The IRISH rock band star is taking on the government over soaring hotel prices in the capital.
Billy McGuinness, lead guitarist for Aslan, pointed to the continuing problem as the music industry suffers.
Thousands of people have attended concerts and matches at stadiums and venues across the city over the past few months.
Much to the dismay of the public, accommodation prices have skyrocketed, forcing many people to cancel their tickets.
Billy pointed out how, as the hotels are full of Ukrainian refugees, the price of a room has increased dramatically.
He said he had no problem with the refugees being housed in hotels – but called on the government to act.
He suggested implementing legislation similar to the sale of tickets, but for exorbitant hotel room prices.
The musician told the Irish Independent: “When Bruce Springsteen was on, two guys from Limerick were offered astronomical prices, around £500 for a room in Dublin.
“They went to the same concert in Rome – tickets to the concert and cheaper flights than they could get in Dublin.
“It’s scam Ireland.”
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The couple ended up saving €200 by leaving the country compared to staying in the capital for the gig.
When Ed Sheeran played Croke Park earlier this year, the average price for a hotel room for ONE night was £453.
Surprisingly, the Abbey Court Hostel will cost around €178 for two beds in a 32-bed mixed dorm.
In an attempt to combat this problem, the group wrote to the Minister of Culture Catherine Martin.
Their goal was to spur action against expensive hotel rooms for concert-goers.
In response, a department official told Aslan that the government has no say in the “business decisions” hotels make.
They said: “Companies are also facing significant cost pressures from inflation and other economic factors.”
TOURISTS DO NOT COME
Matt McGranaghan from the Music & Entertainment Association of Ireland (MEAI) has also spoken out about the ongoing issue.
He said: “The government has failed to provide long-term solutions to help refugees fleeing war.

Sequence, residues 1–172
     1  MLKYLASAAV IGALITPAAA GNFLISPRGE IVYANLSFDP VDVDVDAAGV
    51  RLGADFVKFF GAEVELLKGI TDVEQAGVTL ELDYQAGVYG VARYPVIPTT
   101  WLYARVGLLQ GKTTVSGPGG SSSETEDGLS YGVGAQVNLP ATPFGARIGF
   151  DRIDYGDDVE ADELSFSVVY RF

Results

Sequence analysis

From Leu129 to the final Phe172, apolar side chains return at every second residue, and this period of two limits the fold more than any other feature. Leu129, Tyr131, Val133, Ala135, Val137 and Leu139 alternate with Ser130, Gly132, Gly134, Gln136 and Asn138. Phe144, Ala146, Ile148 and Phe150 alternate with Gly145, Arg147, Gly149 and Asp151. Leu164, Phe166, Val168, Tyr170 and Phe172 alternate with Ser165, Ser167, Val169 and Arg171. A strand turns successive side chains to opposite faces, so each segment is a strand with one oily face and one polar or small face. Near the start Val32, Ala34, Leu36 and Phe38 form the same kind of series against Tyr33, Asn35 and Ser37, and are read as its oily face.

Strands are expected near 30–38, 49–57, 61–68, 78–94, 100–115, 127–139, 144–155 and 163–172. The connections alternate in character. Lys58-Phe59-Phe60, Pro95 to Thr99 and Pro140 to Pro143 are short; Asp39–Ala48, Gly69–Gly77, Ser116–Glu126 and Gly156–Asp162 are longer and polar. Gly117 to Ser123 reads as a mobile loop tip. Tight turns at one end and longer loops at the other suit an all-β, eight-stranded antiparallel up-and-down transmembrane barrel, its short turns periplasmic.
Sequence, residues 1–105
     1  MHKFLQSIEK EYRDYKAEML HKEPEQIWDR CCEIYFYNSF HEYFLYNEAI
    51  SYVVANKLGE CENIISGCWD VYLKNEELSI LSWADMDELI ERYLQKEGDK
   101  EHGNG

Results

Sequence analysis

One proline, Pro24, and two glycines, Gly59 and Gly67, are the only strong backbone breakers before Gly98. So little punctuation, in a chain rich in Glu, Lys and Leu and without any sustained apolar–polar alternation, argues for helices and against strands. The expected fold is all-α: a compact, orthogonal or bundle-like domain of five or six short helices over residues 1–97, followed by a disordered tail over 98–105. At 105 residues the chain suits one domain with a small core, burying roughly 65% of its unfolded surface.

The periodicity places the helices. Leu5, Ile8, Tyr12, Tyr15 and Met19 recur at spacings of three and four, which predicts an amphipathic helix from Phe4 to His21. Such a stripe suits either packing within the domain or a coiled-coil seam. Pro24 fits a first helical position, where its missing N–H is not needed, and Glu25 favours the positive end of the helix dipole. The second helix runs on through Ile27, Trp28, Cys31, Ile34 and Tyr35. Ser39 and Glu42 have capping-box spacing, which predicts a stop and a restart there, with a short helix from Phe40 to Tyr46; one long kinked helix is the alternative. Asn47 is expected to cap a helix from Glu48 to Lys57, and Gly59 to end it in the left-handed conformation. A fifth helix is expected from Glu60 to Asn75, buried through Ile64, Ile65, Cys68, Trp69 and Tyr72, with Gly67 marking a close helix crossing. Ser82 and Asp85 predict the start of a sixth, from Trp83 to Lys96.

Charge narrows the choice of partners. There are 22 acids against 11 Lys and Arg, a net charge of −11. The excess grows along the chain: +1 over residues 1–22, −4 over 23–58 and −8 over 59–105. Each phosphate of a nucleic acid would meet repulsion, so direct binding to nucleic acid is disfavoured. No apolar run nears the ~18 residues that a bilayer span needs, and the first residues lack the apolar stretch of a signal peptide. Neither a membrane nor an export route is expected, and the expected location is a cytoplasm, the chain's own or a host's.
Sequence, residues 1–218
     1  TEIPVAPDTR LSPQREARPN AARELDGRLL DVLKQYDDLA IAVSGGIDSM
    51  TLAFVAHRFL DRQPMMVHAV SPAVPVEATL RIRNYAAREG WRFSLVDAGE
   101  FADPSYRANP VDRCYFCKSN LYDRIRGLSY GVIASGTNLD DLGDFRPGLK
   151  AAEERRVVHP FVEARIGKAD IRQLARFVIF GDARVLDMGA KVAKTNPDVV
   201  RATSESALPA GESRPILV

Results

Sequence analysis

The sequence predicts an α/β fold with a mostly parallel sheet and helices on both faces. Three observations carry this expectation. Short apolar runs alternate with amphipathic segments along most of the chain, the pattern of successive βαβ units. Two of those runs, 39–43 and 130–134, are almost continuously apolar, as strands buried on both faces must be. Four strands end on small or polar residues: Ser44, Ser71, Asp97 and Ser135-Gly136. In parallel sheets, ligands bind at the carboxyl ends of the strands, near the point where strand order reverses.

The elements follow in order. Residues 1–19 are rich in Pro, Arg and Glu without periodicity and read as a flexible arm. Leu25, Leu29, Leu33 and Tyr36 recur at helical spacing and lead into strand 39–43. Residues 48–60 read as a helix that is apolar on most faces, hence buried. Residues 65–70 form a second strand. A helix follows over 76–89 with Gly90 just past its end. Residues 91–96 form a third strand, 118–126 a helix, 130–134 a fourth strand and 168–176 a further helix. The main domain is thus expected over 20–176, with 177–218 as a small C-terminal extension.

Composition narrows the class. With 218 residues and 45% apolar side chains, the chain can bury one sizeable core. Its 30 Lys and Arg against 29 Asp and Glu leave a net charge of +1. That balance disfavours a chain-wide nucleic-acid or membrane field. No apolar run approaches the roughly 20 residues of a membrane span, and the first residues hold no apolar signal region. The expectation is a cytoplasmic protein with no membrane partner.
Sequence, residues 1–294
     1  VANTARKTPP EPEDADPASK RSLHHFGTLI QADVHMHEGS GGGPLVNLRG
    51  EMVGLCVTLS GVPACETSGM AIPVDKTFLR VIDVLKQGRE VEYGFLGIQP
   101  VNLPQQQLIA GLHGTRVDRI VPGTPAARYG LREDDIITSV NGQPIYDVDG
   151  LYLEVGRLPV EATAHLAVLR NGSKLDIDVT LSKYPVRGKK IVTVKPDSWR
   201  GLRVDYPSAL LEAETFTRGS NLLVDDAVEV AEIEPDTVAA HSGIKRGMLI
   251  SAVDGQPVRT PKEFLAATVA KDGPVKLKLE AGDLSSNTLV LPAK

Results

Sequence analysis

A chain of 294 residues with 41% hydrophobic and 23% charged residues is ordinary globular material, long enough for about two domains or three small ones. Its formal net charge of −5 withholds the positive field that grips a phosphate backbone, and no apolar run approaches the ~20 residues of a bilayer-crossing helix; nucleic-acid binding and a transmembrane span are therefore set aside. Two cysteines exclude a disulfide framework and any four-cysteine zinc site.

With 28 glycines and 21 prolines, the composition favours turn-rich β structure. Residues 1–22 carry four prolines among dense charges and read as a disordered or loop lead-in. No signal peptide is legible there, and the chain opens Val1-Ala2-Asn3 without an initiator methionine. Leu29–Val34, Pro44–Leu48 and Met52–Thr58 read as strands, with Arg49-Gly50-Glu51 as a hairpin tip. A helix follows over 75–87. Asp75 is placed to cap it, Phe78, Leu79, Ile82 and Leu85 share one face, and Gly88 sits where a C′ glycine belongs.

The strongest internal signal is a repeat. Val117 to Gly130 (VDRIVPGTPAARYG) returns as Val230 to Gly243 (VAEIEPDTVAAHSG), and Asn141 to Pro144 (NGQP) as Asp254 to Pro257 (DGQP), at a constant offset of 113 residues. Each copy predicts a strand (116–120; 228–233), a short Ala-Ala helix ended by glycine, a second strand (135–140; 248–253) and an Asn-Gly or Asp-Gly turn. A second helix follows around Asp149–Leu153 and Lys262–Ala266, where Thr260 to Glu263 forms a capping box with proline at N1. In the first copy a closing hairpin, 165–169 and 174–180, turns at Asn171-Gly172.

“This had a ripple effect on ticket sales for many shows across the country and in the worst cases festivals were canceled due to lack of accommodation.”
Hotelier Francis Brennan has highlighted the problem, saying soaring hotel prices in Dublin are deterring tourists from visiting the rest of Ireland.
He pointed out that Dublin is the first stop in Ireland for many tourists arriving in the country.
If the capital continues to have this effect on visitors, people will stop coming.
DUBLIN NEEDS MORE HOTELS?
Consequently, tourism will not reach counties further west, such as Kerry and Cork.
Failte Ireland CEO Paul Kelly has warned that if tourists are turned away from Dublin due to exorbitant prices, they will avoid coming to Ireland altogether.
Hospitality and tourism officials say Dublin needs more hotels to reduce sky-high room rates at weekends when there are big concerts or sporting events.
There are nearly 25,000 hotel rooms in Dublin and 3,500 are on the way for next year, but tourism officials say the capital still needs more.
There is a massive reaction to this idea, with a movement called No More Hotels circulating in the city.
Emphasizing the importance of clubbing and culture, the organization looks at former venues now replaced by hotels.
Locals are angry at the abolition of iconic places across the city – this became evident in 2019 when the popular Bernard Shaw was closed.
Recently, the Cobblestone pub was saved from the same fate when a petition was launched to stop it being turned into a hotel.
This famous spot is home to many Irish musical talents and holds a place of cultural significance in the city.